Tuesday, April 10, 2018

Critiquing Without Bloodshed

People look for feedback, but most want compliments. Loved the characters! So imaginative. The twists and the turns kept me reading!

Uh huh. I actually do believe that positive responses are essential. There have been too many times when I’ve seen people kill the best parts of their stories because no one had TOLD them what the best parts were. Positive feedback is valuable, as long as it’s not distracting.

Equally valuable is thoughtful analysis and, yes, pointers to what doesn’t work or might be better. I recommend asking critics to tell you if they got hooked by the beginning, tell you if attention drifted at any point, tell you if anything was unclear or had to be read twice, and tell you if the ending is satisfying (which doesn’t necessarily mean happy, but it could). And, for a given genre, are the expected elements (e.g., meet cute in romances) all there.

It is a great practice when you ask for criticism if you note any specific questions you have beyond the above. You can even ask for advice to help solve a story problem (rarely, you might get a good suggestion).

When you get a crit, always say thank you with as much sincerity you can muster. Someone just read your work thoughtfully (in most cases). They deserve that. And you may need to come to them again. So thank them even if everything they said was useless and/or mean. Even if it’s stupid.

As an exercise, I chose to write thank you notes to dozens of contest judges. I had to write not just “thanks,” but something substantive about the value I received. This forced me to let many of the critiques sit until I cooled off. And I then had to look for value in each one — even the stupid ones. What happened was I discovered more value than I had imagined. Not every crit deserved this, but more did than I guessed. By being appreciative, I gave myself an important gift.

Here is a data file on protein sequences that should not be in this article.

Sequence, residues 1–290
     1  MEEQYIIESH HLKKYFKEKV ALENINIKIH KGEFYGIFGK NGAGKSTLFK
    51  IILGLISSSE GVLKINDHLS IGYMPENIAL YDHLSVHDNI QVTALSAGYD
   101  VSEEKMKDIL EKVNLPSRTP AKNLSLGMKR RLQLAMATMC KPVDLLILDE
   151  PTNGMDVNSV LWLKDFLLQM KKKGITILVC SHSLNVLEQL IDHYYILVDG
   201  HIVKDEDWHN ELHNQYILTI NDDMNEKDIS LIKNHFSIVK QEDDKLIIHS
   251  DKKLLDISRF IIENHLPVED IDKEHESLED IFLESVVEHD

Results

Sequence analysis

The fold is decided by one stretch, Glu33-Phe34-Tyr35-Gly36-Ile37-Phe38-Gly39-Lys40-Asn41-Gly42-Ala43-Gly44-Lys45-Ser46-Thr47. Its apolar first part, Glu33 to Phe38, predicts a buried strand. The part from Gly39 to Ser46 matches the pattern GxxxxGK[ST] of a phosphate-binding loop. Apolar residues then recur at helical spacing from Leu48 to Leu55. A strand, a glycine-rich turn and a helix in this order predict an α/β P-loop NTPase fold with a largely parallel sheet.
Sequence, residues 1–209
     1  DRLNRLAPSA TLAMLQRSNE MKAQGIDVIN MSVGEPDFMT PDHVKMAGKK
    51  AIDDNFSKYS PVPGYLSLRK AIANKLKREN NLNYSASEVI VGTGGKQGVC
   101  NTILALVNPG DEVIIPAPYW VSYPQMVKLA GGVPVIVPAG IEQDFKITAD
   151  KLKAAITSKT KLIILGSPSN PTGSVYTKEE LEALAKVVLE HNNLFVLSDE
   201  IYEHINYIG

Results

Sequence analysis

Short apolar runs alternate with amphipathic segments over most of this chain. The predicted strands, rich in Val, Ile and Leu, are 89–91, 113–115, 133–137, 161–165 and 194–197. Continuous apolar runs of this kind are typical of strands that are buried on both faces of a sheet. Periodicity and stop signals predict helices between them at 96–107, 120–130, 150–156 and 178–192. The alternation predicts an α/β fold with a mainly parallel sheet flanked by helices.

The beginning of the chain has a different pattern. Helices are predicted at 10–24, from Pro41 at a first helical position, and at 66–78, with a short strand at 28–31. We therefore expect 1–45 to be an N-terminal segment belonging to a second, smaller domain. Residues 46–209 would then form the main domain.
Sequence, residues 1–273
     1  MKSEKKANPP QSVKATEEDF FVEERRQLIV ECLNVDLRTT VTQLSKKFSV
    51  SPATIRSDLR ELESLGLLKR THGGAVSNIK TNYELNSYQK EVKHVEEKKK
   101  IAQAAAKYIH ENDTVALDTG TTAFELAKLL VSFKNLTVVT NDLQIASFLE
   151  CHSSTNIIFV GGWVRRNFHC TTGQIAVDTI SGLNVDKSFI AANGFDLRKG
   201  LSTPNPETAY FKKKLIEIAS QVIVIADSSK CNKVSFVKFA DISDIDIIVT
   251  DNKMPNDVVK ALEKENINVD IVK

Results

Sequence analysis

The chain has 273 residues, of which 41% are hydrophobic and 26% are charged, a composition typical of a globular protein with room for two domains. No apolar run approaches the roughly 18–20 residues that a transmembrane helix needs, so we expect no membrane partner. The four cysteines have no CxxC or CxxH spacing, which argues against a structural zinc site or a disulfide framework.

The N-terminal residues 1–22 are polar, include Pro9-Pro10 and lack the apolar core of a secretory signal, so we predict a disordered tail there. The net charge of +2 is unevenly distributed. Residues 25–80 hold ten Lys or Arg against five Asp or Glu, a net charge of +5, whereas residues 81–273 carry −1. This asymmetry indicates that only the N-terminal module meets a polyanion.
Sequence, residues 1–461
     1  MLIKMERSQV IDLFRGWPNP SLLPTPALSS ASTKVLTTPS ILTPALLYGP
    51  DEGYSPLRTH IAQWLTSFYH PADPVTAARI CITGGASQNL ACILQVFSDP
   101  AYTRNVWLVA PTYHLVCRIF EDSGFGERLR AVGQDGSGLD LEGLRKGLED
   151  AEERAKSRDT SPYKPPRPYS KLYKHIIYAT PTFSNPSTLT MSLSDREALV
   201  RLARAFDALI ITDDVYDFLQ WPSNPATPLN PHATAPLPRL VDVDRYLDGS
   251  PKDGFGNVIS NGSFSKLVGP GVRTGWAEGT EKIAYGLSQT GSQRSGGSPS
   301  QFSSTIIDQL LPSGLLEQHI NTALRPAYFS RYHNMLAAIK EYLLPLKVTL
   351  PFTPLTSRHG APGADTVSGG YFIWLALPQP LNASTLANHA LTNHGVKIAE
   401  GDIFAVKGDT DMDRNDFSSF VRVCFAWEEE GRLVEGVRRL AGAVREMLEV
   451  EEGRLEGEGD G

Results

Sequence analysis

Let’s turn this around because if you get feedback, you probably need to give it. Here are the steps I use.

    1.    Read thoughtfully. Take the time and respect the material. Take care if you are NOT the intended audience.
    2.    Don’t critique when you are angry or feeling ungenerous. No one wrote the work and presented it to you as a cruel joke. Most people are giving you the best they can, and they are trusting you. Even when they may be wading into deep water.
    3.    Critique with their best interests in mind. Your job is to provide the most valuable feedback you can.
    4.    Find something positive to say almost immediately, if possible. You will need to include something that appreciates the work, and the earlier you identify that element, the easier it will be to frame the review in a generous manner.
    5.    Answer their questions, carefully. If they have asked for specific feedback, provide it in a way it can be heard and acted upon. You can be honest AND tactful.
    6.    Limit what you say. I rarely make more than three important points. Few people can absorb every criticism that comes to mind. Be selective. Nits are okay, but, unless you are proofing the work, don’t cite every instance where dependent clauses lack commas or lie/lay is misused.
    7.    Be sure about your “facts.” When you correct, make sure you’re right. Even if you know you are.
    8.    Your experiences aren’t universal. If a character reacts in a way you wouldn’t (or didn’t in real life), it might still be valid.
    9.    Be careful about using examples. They can become overwhelming. Try to restrict them to what will clarify.
    10.    Note where you lose attention or get confused. These observations are golden for writers.
    11.    Let it be their story. It’s great news that what you read has you so excited you could take the ideas and run with them. But respect the writer’s right to tell the story he or she intends to tell.

The great thing about being critiqued is it’s mostly about you. You, and only you, have the power to decide a criticism is valid or should be rejected.

The great thing about critiquing is you don’t have to make the changes. You DO have to protect your relationship with the writer by acting respectfully and providing your feedback in a caring way. You never know how fragile their ego is. Don’t find out the hard way.

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